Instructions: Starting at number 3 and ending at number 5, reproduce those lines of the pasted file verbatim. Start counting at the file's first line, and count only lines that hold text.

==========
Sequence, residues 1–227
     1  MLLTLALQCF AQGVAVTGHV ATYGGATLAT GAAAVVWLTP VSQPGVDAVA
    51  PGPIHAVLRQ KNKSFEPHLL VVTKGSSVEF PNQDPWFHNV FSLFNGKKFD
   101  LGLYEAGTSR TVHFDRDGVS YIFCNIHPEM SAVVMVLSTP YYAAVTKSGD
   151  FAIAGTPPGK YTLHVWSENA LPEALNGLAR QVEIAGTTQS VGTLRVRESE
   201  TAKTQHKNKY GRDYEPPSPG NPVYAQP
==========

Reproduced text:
    51  PGPIHAVLRQ KNKSFEPHLL VVTKGSSVEF PNQDPWFHNV FSLFNGKKFD
   101  LGLYEAGTSR TVHFDRDGVS YIFCNIHPEM SAVVMVLSTP YYAAVTKSGD
   151  FAIAGTPPGK YTLHVWSENA LPEALNGLAR QVEIAGTTQS VGTLRVRESE